Ladies in White is an opposition movement in Cuba consisting of wives and other female relatives of jailed dissidents. The women protest the imprisonments by attending Mass each Sunday wearing white dresses and then silently walking through the streets dressed in white clothing. The color white is chosen to symbolize peace.

The movement received the Sakharov Prize for Freedom of Thought from the European Parliament in 2005.

During the Black Spring in 2003, the Cuban government arrested and summarily tried and sentenced 75 human rights defenders, independent journalists, and independent librarians to terms of up to 28 years in prison.

For its part, the Cuban government accused the 75 individuals of “acts against the independence or the territorial integrity of the state”, including belonging to “illegal organizations”, accepting money from the United States Interests Section in Havana and of “hijacking”, “terrorist activities”, and collaborating with foreign media. In the view of the Committee to Protect Journalists, the Black Spring violated the most basic norms of international law, including Article 19 of the International Covernant on Civil and Political Rights which guarantees everyone the right to “seek, receive, and impart information and ideas of all kinds, regardless of frontiers, either orally, in writing or in print, in the form of art, or through any other media of his choice.”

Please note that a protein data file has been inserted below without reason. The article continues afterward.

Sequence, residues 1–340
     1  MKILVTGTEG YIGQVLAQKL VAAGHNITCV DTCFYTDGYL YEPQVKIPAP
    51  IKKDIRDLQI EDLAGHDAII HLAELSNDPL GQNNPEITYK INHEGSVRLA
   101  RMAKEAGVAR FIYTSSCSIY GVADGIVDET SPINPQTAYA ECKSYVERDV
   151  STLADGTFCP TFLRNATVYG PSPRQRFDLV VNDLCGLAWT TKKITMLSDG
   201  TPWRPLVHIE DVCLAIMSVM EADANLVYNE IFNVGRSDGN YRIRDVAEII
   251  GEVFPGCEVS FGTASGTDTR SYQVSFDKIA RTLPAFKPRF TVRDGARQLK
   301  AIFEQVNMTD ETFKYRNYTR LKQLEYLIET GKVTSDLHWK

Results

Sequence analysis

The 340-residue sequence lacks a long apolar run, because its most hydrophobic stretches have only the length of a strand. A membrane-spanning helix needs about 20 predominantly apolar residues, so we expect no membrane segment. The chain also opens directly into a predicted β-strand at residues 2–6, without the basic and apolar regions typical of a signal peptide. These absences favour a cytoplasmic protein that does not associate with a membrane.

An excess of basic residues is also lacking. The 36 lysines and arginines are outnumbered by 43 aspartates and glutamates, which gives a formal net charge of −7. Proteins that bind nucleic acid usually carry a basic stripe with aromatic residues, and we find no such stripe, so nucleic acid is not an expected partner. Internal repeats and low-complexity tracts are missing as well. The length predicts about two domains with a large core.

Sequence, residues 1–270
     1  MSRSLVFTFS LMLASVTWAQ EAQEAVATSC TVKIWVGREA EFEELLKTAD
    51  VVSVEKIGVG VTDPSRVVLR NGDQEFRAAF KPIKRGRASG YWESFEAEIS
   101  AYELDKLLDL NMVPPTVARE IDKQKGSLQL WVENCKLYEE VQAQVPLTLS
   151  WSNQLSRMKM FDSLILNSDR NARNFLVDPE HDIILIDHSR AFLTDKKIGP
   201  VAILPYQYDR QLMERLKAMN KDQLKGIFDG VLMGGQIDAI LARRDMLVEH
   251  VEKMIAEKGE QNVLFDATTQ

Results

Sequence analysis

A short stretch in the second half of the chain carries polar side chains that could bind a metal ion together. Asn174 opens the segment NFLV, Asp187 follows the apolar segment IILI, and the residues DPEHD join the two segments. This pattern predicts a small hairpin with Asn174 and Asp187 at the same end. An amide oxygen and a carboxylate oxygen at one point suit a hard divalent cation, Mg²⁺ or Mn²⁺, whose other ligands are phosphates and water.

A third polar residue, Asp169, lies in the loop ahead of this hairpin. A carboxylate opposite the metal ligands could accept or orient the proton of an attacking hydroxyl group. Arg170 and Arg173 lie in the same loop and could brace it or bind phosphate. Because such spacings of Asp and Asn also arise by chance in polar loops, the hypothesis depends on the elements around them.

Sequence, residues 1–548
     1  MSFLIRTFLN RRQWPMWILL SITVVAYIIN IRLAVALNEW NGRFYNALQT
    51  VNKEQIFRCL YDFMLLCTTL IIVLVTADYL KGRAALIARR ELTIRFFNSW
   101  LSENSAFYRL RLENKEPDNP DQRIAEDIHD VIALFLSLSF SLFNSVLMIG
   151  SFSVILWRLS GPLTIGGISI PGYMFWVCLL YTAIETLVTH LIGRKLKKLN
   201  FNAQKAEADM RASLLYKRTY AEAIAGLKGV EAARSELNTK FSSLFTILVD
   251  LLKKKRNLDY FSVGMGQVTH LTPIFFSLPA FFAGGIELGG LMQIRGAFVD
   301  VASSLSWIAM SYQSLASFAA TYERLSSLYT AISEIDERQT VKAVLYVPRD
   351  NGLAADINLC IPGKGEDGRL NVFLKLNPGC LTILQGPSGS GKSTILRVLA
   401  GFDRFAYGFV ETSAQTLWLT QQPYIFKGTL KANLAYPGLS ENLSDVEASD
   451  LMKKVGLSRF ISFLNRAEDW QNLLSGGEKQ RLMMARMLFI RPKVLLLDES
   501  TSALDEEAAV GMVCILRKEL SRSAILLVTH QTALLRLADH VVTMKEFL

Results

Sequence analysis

Under the leadership of Laura Pollan, the Ladies in White group was formed two weeks after the arrests. Relatives of the prisoners began gathering on Sundays to pray for their relatives. After each Mass, they began a ritual procession from the church to a nearby park. The white clothing they wear is reminiscent of the Argentine Madres de Plaza de Mayo, who used a similar strategy to demand information about their missing children from the 1970s military junta. Each marcher wears a button with a photo of her jailed relative and the number of years to which he has been sentenced.

The Cuban government has criticized the Ladies in White for being a subversive association of American-backed terrorists. On Palm Sunday in 2005, the pro-government Federation of Cuban Women sent 150 women to counter-protest the group.

At times, sizable mobs have attacked the Ladies in White, yelling insults at them, and assisting the police to throw them into police buses. However, since Cardinal Jaime Lucas Ortega y Alamino intervened on their behalf in 2010, they have generally been allowed to protest outside of his church.